|Please click on image to access IPH’s Diabetes briefing that was published in August 2012|
What is diabetes?
Diabetes mellitus is a group of metabolic disorders characterised by too much glucose in the blood. The body breaks down digested food into a sugar called glucose from which it derives energy. The hormone insulin allows the body to use that sugar by helping glucose to enter the cells. When a person has diabetes, either the pancreas fails to produce enough insulin or the body cannot properly use the insulin it has. As a result there is a build-up of glucose in the blood causing the cells to be starved of energy.
There are two types of diabetes: Type 1 diabetes is characterised by a lack of insulin production and occurs most frequently in children; Type 2 diabetes is the most common form in persons aged over 40 but cases are starting to emerge at younger ages, and is caused by the body’s ineffective use of insulin.
IPH has systematically estimated and forecast the prevalence of diabetes on the island of Ireland
Age, family history, ethnicity, obesity, low physical activity levels and certain medical conditions put you at greater risk of developing diabetes. Eating a healthy diet, maintaining a healthy weight and being physically active all decrease your risk.
The World Health Organization’s (WHO) Global Burden of Disease study provides estimates of premature mortality and time lived in ill health due to diabetes. Diabetes mellitus (ICD 10 codes E10-E14) is estimated to be responsible for 2.0% of premature mortality and 3.1% of years lived with disability in Europe. WHO estimates that diabetes mellitus (ICD 10 codes E10-E14) is the ninth leading cause of death worldwide.
Diabetes mellitus (ICD 10 codes E10-E14) was responsible for 1.7% of all deaths in the Republic of Ireland in 2008 and 1.4% of all deaths in Northern Ireland in 2010.
In the Republic of Ireland, key strategies make recommendations to tackle obesity and prevent obesity-related conditions such as diabetes as well as promoting awareness of diabetes and its symptoms. The provision of an integrated model of care for people with diabetes is a key initiative of the Health Service Executive (HSE). The HSE’s national clinical programme for diabetes defines the way diabetic clinical services should be delivered, resourced and measured. One of the key priorities is the establishment of a National Diabetic Retinopathy Screening Programme scheduled to be available nationwide in late 2012.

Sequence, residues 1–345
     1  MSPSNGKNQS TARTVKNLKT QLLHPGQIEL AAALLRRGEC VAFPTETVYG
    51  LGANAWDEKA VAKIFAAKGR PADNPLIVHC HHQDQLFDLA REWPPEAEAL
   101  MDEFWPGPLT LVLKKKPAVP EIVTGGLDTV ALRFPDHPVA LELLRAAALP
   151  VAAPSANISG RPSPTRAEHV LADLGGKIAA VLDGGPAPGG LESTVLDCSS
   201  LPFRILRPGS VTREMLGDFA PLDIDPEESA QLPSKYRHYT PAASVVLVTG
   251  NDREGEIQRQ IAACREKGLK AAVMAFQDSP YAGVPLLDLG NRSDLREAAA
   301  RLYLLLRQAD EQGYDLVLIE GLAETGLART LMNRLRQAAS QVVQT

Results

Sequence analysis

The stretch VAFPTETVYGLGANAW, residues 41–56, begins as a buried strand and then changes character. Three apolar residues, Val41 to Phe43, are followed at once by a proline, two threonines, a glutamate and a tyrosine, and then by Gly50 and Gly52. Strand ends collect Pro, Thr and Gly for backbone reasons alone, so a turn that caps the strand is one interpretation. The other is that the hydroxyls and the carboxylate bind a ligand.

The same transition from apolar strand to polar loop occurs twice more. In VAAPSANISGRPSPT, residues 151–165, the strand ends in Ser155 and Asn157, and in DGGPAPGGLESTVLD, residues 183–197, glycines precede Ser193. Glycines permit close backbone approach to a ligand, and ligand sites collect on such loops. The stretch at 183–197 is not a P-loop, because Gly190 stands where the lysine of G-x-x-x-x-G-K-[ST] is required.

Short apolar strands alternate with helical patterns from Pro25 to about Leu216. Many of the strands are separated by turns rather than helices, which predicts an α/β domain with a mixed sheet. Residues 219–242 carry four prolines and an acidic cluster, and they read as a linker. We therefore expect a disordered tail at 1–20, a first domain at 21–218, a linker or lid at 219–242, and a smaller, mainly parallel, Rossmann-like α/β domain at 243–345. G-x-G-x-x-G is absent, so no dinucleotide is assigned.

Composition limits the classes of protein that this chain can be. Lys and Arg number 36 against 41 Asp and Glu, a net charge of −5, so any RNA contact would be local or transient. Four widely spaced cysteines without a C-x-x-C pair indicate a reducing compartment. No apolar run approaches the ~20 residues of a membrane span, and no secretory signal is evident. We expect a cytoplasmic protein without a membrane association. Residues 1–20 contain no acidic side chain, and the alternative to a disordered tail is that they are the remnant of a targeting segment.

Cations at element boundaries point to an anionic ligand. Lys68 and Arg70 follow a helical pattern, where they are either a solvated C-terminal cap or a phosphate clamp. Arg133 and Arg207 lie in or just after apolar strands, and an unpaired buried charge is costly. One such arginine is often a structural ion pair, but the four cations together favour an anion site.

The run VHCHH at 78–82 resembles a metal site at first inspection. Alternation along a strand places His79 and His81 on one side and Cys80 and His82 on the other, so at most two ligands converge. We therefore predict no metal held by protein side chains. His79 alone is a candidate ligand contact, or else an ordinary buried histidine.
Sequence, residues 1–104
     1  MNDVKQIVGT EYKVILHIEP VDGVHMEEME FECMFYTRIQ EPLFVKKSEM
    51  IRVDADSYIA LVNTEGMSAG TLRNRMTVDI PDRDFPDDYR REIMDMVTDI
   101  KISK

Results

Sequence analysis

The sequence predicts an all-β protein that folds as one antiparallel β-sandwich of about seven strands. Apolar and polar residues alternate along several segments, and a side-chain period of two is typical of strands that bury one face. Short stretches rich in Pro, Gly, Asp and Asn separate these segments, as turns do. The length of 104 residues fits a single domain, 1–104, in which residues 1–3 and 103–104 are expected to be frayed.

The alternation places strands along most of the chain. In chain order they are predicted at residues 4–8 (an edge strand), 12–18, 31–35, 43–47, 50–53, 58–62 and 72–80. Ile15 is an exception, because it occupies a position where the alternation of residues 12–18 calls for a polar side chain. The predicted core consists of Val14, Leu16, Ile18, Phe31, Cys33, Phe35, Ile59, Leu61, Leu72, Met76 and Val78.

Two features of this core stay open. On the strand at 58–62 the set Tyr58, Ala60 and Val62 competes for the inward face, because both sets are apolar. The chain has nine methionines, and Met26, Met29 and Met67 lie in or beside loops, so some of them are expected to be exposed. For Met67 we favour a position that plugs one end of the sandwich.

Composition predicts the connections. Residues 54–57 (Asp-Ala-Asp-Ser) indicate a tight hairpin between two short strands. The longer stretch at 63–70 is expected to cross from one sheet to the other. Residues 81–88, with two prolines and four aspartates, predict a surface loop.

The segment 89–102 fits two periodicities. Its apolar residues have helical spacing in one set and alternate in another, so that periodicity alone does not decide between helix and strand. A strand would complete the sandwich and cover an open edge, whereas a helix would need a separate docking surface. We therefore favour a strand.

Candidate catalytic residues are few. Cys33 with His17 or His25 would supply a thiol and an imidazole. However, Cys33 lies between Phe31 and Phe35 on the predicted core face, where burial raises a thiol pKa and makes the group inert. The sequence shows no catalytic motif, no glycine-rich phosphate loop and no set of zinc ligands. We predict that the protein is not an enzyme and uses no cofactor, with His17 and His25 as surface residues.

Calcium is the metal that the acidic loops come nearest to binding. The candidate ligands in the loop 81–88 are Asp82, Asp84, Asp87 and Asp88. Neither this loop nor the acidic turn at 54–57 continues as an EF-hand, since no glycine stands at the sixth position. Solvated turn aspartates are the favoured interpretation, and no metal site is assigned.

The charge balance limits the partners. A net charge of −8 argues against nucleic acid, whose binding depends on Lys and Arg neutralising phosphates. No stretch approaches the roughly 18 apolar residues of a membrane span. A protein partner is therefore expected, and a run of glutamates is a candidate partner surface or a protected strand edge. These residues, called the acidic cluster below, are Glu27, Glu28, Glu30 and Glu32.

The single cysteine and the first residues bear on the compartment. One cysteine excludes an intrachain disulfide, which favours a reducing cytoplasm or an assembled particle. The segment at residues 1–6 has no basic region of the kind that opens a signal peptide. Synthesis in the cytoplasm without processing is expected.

Key focuses in Northern Ireland include reducing the number of people with diabetes and ensuring appropriate and integrated care for those with diabetes. The Service Framework for Cardiovascular Health and Wellbeing sets out standards in relation to diabetes including accurate diagnosis, education and support as well as access to at least one annual review to a defined standard by an appropriately trained multidisciplinary team. It also recognises diabetes as a significant risk factor for the development of cardiovascular disease.
IPH diabetes estimates and forecasts
IPH has estimated and forecast clinical diagnosis rates of diabetes among adults for the years 2010, 2015 and 2020.
In the Republic of Ireland, the data are based on the Survey of Lifestyle, Attitudes and Nutrition (SLÁN) 2007. The data describe the number of people who report that they have experienced doctor-diagnosed diabetes in the previous 12 months (annual clinical diagnosis).
Note that an adjustment was made for diabetes medication use recorded in the SLÁN physical examination sub-group of 45+ year olds. Data are available by age and sex for each Local Health Office of the Health Service Executive (HSE) in the Republic of Ireland.
In Northern Ireland, the data is based on the Health and Social Wellbeing Survey 2005/06 . The data describe the number of people who report that they have experienced doctor-diagnosed diabetes at any time in the past (lifetime clinical diagnosis). Data are available by age and sex for each Local Government District in Northern Ireland.
Clinical diagnosis rates in the Republic of Ireland relate to the previous 12 months and are not directly comparable with clinical diagnosis rates in Northern Ireland which relate to anytime in the past.
Click here for details of the methods used to calculate the estimates and forecasts
Use the Health Well's Data Visualiser to explore or download the data (last updated August 2012)
View the diabetes theme on the Health Well's Community Profiles.